• Date: 2010 Jun 29

Singleness or Multiplicity of Societies

As we pointed out earlier, for every school this question is important, for on it depends
whether all human societies can follow one single ideology or each nation, community and cultural unit must have its separate ideology. We know that an ideology means a scheme that leads a society to prosperity and perfection. We also know that each species in this world has its own characteristics and capabilities, and hence the conception of prosperity and perfection which awaits each other is different. The prosperity and perfection of the horse are not exactly the same as the prosperity and perfection of the sheep or man.
Therefore, if on the basis of the actuality of societies, we presume that all of them have one nature and essence, and their variations are only within the range of individualistic variations of a species, we can safely say that they may have one single living ideology having enough flexibility to be applicable to all individualistic variations. But if the various societies have different natures and essences, naturally they should have multifarious schemes for their well-being and one ideology cannot be applicable to all of them.
There arises exactly the same question in respect of the changes that overtake societies with the passage of time. Does the essence of societies change in the course of these changes? Are these changes of the nature of a change in species or merely of the nature of a change in some members of it while the nature of the species itself remains essentially unaltered, despite all changes.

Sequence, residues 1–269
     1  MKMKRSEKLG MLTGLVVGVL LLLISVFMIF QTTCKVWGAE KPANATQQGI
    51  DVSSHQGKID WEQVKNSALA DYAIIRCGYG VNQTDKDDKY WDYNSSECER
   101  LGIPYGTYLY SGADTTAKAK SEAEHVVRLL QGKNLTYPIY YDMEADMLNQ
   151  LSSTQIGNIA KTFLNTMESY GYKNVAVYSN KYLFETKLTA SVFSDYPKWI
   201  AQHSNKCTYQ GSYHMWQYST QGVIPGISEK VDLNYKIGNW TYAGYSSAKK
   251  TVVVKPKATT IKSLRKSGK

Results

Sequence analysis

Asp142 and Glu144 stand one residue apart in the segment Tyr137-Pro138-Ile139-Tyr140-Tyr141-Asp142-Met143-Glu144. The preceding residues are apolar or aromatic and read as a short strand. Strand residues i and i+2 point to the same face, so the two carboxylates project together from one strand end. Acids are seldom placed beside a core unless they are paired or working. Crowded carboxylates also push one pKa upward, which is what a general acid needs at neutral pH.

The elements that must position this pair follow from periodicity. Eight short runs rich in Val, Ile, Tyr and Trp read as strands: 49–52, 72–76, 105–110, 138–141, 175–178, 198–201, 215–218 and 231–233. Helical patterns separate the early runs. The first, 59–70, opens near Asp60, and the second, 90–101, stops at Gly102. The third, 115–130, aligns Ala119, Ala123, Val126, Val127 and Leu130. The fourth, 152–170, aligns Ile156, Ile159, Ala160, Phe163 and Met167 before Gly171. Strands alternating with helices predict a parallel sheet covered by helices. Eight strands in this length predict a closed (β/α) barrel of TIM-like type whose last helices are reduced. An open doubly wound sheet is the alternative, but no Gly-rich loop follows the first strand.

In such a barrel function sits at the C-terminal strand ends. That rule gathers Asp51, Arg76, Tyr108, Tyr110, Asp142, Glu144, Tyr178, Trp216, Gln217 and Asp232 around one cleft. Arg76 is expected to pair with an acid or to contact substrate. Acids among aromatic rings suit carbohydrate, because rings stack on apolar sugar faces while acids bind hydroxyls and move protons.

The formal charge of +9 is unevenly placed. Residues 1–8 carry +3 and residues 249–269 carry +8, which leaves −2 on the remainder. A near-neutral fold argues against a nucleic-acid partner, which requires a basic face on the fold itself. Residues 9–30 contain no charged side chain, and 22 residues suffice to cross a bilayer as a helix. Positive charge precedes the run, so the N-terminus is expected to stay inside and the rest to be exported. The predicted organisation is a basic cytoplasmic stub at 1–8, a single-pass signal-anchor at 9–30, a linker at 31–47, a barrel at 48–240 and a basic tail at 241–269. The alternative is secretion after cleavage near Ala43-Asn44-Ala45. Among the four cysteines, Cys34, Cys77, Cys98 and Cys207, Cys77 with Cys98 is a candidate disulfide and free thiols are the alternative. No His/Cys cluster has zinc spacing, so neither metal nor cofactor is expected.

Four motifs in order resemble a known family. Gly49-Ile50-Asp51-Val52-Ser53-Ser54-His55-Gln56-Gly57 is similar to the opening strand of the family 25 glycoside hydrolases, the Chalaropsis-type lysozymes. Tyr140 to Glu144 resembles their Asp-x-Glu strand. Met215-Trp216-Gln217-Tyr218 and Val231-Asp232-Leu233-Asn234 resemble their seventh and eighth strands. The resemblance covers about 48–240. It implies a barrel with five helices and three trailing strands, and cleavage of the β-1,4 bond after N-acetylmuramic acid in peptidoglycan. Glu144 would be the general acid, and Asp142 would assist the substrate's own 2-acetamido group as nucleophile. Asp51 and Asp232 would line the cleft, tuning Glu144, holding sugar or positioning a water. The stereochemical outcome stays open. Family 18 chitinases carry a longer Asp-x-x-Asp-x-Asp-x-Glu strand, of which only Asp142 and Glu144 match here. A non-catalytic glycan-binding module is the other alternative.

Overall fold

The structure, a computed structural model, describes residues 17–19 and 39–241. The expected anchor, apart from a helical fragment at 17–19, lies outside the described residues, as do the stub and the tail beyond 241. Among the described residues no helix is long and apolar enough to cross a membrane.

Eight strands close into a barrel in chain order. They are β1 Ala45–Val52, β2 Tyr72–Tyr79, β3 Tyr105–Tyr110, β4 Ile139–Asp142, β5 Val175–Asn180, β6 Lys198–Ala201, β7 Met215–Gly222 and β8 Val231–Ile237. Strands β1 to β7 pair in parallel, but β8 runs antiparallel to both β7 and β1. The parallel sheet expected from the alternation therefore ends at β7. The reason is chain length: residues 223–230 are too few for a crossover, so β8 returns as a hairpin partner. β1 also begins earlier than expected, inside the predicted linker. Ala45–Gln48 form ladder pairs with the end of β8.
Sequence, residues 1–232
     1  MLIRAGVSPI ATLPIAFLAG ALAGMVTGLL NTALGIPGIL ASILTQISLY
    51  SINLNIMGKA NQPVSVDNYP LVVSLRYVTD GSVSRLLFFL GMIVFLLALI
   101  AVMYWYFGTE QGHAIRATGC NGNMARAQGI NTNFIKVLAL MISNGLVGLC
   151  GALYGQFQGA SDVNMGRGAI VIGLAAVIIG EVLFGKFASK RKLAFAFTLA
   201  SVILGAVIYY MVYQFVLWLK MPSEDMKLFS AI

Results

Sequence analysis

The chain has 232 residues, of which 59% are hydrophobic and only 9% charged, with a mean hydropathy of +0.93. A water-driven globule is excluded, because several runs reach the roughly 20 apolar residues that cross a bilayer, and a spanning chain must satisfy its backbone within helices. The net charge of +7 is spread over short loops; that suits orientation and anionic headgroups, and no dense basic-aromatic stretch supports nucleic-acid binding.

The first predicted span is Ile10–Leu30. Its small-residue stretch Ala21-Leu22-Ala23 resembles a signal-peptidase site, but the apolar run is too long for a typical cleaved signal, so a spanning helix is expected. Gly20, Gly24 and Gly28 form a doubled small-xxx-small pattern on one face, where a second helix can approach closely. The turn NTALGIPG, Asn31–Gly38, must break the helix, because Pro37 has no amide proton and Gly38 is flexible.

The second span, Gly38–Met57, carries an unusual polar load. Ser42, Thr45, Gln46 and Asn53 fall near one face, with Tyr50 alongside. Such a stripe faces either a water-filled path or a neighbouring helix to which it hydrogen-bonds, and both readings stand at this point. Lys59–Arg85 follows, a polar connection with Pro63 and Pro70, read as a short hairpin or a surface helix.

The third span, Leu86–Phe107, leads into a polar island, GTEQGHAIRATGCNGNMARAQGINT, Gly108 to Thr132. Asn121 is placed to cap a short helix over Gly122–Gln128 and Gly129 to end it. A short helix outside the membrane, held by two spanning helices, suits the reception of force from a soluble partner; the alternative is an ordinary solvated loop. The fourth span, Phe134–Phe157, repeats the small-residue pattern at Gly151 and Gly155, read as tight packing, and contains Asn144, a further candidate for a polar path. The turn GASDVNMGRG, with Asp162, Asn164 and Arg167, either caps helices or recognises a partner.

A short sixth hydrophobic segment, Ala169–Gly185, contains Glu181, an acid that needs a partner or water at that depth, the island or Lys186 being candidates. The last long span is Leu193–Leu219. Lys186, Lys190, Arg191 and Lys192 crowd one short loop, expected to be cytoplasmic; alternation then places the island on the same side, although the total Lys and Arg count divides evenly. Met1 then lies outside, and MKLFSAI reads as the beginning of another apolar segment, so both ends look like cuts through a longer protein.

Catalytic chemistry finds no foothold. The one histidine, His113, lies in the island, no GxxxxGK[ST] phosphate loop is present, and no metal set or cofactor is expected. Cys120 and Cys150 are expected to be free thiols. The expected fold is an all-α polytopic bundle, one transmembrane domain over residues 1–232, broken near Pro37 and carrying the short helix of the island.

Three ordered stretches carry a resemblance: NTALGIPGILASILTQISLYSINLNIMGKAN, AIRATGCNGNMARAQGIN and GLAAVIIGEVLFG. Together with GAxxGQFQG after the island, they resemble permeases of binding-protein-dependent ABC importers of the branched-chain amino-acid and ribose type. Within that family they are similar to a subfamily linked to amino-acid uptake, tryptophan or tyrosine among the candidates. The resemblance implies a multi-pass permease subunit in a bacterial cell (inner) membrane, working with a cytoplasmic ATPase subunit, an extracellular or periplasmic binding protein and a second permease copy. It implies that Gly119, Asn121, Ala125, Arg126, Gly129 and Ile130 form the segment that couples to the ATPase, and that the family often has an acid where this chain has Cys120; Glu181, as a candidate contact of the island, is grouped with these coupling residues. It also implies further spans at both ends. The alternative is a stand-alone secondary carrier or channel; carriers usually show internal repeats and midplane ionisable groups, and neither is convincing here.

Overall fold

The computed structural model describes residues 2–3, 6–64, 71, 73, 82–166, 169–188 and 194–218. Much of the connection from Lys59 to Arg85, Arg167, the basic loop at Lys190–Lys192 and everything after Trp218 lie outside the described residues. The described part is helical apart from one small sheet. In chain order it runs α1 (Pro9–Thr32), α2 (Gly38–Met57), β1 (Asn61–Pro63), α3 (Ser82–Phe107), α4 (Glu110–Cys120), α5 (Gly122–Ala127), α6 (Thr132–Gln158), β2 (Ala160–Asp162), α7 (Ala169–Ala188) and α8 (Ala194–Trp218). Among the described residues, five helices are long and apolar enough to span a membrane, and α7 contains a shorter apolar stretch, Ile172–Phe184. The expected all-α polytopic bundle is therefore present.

The first of the above two questions relates to society and the second to history. We now take up the first question and leave the second one till we come to the discussion of history.
A study of sociology can throw a light on the question whether the various societies primarily and fundamentally have some common characteristics, their variations being only superficial and not basic; or they are basically and by nature different from each other, even though they appear to be similar outwardly. This is a philosophical way of ascertaining the singularity and multiplicity of the things in the case of ambiguity.
Here there is a shorter way also, and that is the way of the study of man himself. It is an admitted fact that all men belong to one species. From biological point of view man has not undergone any biological change since he has appeared. Some scientists say that nature after evolving living beings to the level of man has changed its course. It has shifted the process of evolution from biological and physical changes to social and spiritual development.
Earlier while discussing the sociality of man, we came to the conclusion that as men belong to one species not many, they are social by nature. In other words, man's sociality and his collective spirit are his inborn and essential characteristics.
In order to be able to attain due perfection befitting his capabilities, man has a social tendency which paves the way for the emergence of a collective spirit, which in its turn is a means of leading him to his ultimate perfection. The fact that he belongs to a particular species, determines the course of man's collective spirit. In other words, man's collective spirit is in the service of his human nature. So long as his human nature lasts, it will continue to perform its function. Hence it may be said that his collective spirit is a by-product of man's individual spirit, and, in other words it is a part of his nature. As all men belong to one species, all human societies also have a single nature.